Why do crypto companies think women’s sports are not a good investment?
To educate the public, crypto companies have turned to sports. The investment in male sports leagues has increased dramatically in recent years compared to women’s sports. For example, the FIFA World Cup is sponsored by the trading platform crypto.com, the Golden State Warriors of the National Basketball Association (NBA) are sponsored by crypto exchange FTX, and the Dallas Cowboys of the National Football League (NFL) are sponsored by financial services company blockchain.com.
However, while crypto companies have raced to expand their presence in male-dominated sports leagues, the space in women’s sports has not expanded as quickly. Is this because the crypto industry is dominated by men? Possibly. However, by collaborating with women‘s leagues, an industry that is rapidly expanding, the crypto economy has a huge opportunity to educate new fanbases.
Women’s sports received less than $1 billion in global sponsorships in 2020, while men’s and mixed sports received $467 billion (including Olympic and Grand Slam tennis events). This massive disparity is astounding, especially given that women’s sports in the United States alone have enormous returns and active fan engagement. Sponsorships in women’s sports have increased by 146 percent since 2018, according to a Nielsen report, indicating that there is significant momentum and a dedicated audience following women‘s leagues. Women’s sports fans are also 25% more likely to purchase sponsored products than men’s sports fans, adding to the widespread belief that women’s sports fans are fiercely loyal to their favorite athletes and teams.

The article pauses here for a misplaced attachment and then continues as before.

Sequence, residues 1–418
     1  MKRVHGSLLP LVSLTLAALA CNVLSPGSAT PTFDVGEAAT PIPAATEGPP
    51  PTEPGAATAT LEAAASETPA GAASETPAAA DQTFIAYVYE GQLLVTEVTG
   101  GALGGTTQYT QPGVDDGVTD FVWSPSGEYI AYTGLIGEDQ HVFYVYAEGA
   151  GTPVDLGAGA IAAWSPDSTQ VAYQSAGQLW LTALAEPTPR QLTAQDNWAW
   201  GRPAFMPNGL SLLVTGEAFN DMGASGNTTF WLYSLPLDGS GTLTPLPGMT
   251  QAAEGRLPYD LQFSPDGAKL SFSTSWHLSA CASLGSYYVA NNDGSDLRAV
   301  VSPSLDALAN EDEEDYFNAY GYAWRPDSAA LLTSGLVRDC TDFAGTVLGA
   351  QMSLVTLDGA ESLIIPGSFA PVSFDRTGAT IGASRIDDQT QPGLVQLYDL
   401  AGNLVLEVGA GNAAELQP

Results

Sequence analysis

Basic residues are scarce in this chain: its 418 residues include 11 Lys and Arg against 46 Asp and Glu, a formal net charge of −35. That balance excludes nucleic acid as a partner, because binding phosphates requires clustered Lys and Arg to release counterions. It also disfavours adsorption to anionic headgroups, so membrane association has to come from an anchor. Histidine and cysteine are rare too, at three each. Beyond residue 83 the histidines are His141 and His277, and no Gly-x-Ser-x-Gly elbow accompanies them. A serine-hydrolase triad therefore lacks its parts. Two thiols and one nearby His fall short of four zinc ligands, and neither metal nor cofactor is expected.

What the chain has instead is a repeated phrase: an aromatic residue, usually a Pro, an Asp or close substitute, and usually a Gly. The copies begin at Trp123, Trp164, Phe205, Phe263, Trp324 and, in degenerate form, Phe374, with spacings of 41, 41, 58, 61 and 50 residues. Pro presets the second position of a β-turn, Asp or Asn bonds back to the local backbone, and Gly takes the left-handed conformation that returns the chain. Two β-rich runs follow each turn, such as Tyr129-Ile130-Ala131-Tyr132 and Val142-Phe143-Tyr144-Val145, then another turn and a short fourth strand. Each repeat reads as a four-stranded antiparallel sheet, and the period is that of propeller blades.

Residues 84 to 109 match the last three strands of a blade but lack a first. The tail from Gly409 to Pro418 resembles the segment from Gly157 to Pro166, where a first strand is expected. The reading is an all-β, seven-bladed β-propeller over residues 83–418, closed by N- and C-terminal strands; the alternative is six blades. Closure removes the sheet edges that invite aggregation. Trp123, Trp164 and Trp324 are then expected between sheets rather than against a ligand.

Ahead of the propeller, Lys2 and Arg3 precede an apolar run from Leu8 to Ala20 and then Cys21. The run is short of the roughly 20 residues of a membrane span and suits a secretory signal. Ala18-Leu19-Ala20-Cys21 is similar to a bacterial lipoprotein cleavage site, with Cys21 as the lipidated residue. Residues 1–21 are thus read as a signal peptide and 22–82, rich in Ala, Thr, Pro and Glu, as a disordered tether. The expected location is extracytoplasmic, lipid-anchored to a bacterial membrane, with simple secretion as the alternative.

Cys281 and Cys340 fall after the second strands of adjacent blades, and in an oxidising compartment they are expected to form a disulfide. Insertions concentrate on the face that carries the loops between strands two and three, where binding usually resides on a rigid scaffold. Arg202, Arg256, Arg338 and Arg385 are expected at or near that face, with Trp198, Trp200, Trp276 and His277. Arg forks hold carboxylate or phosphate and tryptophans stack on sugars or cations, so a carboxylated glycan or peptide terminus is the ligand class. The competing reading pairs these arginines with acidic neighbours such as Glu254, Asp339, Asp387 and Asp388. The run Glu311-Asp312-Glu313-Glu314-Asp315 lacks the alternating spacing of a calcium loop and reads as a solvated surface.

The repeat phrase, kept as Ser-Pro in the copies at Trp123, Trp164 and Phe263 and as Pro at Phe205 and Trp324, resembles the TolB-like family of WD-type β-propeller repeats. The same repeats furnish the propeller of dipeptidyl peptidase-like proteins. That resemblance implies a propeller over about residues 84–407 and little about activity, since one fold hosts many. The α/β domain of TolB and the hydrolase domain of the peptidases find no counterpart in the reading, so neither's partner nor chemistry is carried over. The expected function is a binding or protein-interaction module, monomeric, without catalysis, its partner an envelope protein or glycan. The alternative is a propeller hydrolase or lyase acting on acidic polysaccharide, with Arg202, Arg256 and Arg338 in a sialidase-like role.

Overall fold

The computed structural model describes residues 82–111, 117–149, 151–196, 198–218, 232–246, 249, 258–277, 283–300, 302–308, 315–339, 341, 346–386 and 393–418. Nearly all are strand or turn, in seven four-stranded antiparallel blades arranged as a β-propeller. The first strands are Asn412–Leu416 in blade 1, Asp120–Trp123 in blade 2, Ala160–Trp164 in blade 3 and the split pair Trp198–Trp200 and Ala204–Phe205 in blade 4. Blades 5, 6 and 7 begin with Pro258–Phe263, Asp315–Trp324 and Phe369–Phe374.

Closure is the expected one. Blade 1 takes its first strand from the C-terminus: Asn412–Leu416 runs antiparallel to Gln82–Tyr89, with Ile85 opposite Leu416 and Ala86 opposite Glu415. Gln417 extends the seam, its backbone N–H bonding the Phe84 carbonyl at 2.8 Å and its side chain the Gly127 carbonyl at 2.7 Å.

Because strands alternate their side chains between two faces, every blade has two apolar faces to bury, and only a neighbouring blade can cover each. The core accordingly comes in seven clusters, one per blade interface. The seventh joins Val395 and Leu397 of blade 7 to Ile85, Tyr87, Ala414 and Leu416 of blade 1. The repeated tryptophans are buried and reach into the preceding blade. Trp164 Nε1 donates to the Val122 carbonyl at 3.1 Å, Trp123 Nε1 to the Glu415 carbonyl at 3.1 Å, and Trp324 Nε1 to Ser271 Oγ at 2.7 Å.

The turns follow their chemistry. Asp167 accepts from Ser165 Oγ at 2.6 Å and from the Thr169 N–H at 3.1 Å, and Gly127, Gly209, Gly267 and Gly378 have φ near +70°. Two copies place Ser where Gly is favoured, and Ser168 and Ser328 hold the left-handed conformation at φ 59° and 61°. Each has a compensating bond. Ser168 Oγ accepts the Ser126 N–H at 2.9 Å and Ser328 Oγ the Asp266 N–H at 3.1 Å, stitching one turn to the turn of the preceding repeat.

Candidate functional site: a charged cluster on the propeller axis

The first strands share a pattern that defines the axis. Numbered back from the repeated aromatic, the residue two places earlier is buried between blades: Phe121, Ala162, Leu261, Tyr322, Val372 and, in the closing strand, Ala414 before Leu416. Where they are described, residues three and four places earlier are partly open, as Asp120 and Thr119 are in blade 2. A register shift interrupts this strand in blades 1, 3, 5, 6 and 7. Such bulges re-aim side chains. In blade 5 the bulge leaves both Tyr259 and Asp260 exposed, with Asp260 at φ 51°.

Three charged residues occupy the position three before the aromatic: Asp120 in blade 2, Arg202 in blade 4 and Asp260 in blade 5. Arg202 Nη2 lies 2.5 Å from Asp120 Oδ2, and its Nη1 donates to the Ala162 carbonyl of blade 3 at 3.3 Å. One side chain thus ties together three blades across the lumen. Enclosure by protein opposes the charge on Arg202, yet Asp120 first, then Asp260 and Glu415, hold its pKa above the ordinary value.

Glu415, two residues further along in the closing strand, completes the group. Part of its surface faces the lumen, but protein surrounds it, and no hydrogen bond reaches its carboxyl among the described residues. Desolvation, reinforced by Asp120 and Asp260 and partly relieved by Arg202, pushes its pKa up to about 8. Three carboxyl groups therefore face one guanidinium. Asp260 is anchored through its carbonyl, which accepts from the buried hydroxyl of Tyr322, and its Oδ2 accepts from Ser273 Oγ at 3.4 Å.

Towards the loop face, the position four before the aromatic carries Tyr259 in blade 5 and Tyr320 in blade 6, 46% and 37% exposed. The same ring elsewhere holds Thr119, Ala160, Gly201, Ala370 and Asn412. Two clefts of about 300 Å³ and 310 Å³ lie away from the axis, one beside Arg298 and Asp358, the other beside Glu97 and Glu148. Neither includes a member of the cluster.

These statistics, along with surveys indicating that sports fans have a better understanding of what cryptocurrencies are, make breaking into the female leagues even more important for the crypto industry. According to a Morning Consult poll from 2021, sports fans are twice as likely as non-sports fans to have some knowledge of Bitcoin or Ethereum, and three times as likely to say they are very familiar with the crypto ecosystem’s workings. Overall, 47% of respondents (sports fans) said they are very familiar with cryptocurrency, compared to 39% of US adults and 23% of non-sports fans.
When audiences and their awareness of the crypto industry are broken down, those who are loyal to “niche leagues,” such as women‘s leagues, follow the crypto industry more closely than those who actively follow the big four leagues: the NBA, NFL, National Hockey League, and Major League Baseball. According to the Morning Consult chart above, approximately 64 percent of respondents who identified as Women‘s National Basketball Association (WNBA) fans and 70 percent of Women‘s Tennis Association (WTA) fans were familiar with cryptocurrencies, compared to 52 percent of NBA (52 percent), NHL (52 percent), MLB (47 percent), and NFL (47 percent) fans (45 percent ). Women’s sports fans are more acquainted with the crypto industry than men’s league fans. Nonetheless, the crypto world, like other sports league sponsors, has not capitalized on the already familiar audience and growing popularity of women’s sports.
So, why hasn’t the crypto industry put more money into supporting women’s sports? Probably because the industry and major leagues are dominated by men. Even though there has been little engagement and sponsorship from crypto companies in women‘s leagues, some partnerships have paved the way.
Coinbase (COIN) and the WNBA have teamed up to educate fans about the cryptocurrency ecosystem. The Seattle Storm, a four-time WNBA champion, is one of Coinbase’s partners. The collaboration is unique in the space because it is the first crypto sponsorship in the WNBA franchise, a league that has grown in popularity. According to Jessica Williams, Coinbase’s director of partnerships, “women’s sports are full of change makers, disruptors, and first movers.” They’re used to facing opposition while still moving forward and creating something new. That ethos is true to crypto and central to Coinbase values, so having the brand associated with women’s sports is a great cultural fit.